What are young listeners to feel upon finishing this story? Unsatisfied—and maybe even insecure.


Goodnight Moon meets “The Three Bears” in this tale of a robber fox.

Sporting a blue turtleneck, this bushy-tailed thief approaches an elegant home with columns and a mansard roof (a Georgian town house, according to the illustrator’s dedication). The fox greets objects and creatures by name: “Hello, door. Hello, house. / Hello, mat. Hello, mouse.” Once inside, the intruder enjoys a snack, swings through the parlor on the chandelier, and leaves a trail of broken china and debris. What isn’t nailed down goes into an increasingly bulging satchel—porcelain, silver, jewelry, and paintings, cut from their frames. The palette is predominantly turquoise with burnt orange and red accents; the feel of the mischief is reminiscent of Warner Bros. cartoons. Just as the fox is about to make a getaway, the three bear homeowners return, and a confusing chase ensues, the characters appearing as orange silhouettes running through a cross-section of the house. Mother Bear finally tosses the culprit out the window. The fox lands, empty-handed but gleeful, eyeing an even more palatial setting replete with fountains and formal gardens. This plot and conclusion produce discomfort. In “The Three Bears,” while Goldilocks does enter a home not her own, she is more naughty child than thief. When found, she is frightened enough never to be seen repeating the offense.

What are young listeners to feel upon finishing this story? Unsatisfied—and maybe even insecure. (Picture book. 3-5)

Pub Date: Jan. 2, 2018

ISBN: 978-1-4998-0536-9

Page Count: 32

Publisher: Little Bee Books

Review Posted Online: Oct. 10, 2017

Kirkus Reviews Issue: Nov. 1, 2017

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A forgettable tale.


Dot, the smallest reindeer at the North Pole, is too little to fly with the reindeer team on Christmas Eve, but she helps Santa in a different, unexpected way.

Dot is distressed because she can’t jump and fly like the other, bigger reindeer. Her family members encourage her and help her practice her skills, and her mother tells her, “There’s always next year.” Dot’s elf friend, Oliver, encourages her and spends time playing with her, doing things that Dot can do well, such as building a snowman and chasing their friend Yeti (who looks like a fuzzy, white gumdrop). On Christmas Eve, Santa and the reindeer team take off with their overloaded sleigh. Only Dot notices one small present that’s fallen in the snow, and she successfully leaps into the departing sleigh with the gift. This climactic flying leap into the sleigh is not adequately illustrated, as Dot is shown just starting to leap and then already in the sleigh. A saccharine conclusion notes that being little can sometimes be great and that “having a friend by your side makes anything possible.” The story is pleasant but predictable, with an improbably easy solution to Dot’s problem. Illustrations in a muted palette are similarly pleasant but predictable, with a greeting-card flavor that lacks originality. The elf characters include boys, girls, and adults; all the elves and Santa and Mrs. Claus are white.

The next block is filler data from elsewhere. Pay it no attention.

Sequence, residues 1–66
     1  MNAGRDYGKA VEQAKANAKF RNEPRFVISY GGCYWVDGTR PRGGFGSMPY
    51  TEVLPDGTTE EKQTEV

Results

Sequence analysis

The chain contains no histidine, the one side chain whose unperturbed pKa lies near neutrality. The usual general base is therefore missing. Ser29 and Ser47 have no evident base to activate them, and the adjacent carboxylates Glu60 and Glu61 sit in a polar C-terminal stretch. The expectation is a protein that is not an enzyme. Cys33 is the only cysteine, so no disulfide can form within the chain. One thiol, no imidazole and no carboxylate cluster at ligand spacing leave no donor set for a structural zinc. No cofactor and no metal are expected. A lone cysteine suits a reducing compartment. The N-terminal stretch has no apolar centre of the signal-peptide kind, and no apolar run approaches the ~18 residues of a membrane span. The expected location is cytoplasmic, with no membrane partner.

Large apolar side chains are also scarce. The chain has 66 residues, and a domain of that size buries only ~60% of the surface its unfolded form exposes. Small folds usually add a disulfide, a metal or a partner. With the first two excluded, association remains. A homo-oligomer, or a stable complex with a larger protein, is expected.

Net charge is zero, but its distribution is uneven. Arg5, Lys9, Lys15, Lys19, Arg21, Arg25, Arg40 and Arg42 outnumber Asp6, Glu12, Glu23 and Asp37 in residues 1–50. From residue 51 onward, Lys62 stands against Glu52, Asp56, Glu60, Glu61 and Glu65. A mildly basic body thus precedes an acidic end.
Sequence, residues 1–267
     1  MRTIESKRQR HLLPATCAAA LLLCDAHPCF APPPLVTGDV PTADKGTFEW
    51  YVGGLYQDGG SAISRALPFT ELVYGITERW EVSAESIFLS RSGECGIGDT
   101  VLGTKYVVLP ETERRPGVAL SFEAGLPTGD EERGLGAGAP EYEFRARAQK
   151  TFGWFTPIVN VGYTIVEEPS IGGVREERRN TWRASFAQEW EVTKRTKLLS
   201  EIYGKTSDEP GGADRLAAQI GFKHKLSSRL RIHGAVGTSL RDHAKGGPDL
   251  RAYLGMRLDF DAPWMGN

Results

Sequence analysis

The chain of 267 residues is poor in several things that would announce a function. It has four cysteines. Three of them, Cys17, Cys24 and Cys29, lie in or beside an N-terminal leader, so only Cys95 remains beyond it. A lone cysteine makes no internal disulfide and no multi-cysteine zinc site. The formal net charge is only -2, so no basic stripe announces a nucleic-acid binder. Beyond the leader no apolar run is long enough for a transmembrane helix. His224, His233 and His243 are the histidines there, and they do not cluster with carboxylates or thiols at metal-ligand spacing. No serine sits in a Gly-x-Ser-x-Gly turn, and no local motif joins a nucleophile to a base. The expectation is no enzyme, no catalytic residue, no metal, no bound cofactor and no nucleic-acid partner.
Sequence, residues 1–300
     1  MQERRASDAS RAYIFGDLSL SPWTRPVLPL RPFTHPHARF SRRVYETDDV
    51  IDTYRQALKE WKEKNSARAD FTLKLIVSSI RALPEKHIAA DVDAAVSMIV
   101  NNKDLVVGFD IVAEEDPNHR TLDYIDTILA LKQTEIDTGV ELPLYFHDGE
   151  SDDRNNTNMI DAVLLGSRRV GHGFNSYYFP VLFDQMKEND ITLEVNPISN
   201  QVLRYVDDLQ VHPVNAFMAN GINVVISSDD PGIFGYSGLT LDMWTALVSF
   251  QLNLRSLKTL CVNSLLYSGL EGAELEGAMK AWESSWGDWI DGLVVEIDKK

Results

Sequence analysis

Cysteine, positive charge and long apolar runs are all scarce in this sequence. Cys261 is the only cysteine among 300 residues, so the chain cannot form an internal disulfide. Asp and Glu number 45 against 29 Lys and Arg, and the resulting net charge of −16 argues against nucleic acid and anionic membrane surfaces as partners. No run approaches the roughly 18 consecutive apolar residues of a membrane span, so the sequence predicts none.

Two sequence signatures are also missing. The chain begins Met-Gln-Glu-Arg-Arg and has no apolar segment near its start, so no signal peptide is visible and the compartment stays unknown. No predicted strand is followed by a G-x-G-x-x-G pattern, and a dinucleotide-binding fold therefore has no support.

A forgettable tale. (Picture book. 3-5)

Pub Date: Sept. 26, 2017

ISBN: 978-1-338-15738-3

Page Count: 24

Publisher: Cartwheel/Scholastic

Review Posted Online: Aug. 21, 2017

Kirkus Reviews Issue: Sept. 1, 2017

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Instills a sense of well-being in youngsters while encouraging them to explore the natural world.


This reassuring picture book exemplifies how parents throughout the animal kingdom make homes for their offspring.

The narrative is written from the point of view of a parent talking to their child: “If you were a beaver, I would gnaw on trees with my teeth to build a cozy lodge for us to sleep in during the day.” Text appears in big, easy-to-read type, with the name of the creature in boldface. Additional facts about the animal appear in a smaller font, such as: “Beavers have transparent eyelids to help them see under water.” The gathering of land, air, and water animals includes a raven, a flying squirrel, and a sea lion. “Home” might be a nest, a den, or a burrow. One example, of a blue whale who has homes in the north and south (ocean is implied), will help children stretch the concept into feeling at home in the larger world. Illustrations of the habitats have an inviting luminosity. Mature and baby animals are realistically depicted, although facial features appear to have been somewhat softened, perhaps to appeal to young readers. The book ends with the comforting scene of a human parent and child silhouetted in the welcoming lights of the house they approach: “Wherever you may be, you will always have a home with me.”

Instills a sense of well-being in youngsters while encouraging them to explore the natural world. (Informational picture book. 3-5)

Pub Date: Nov. 12, 2019

ISBN: 978-1-63217-224-2

Page Count: 32

Publisher: Little Bigfoot/Sasquatch

Review Posted Online: July 28, 2019

Kirkus Reviews Issue: Aug. 15, 2019

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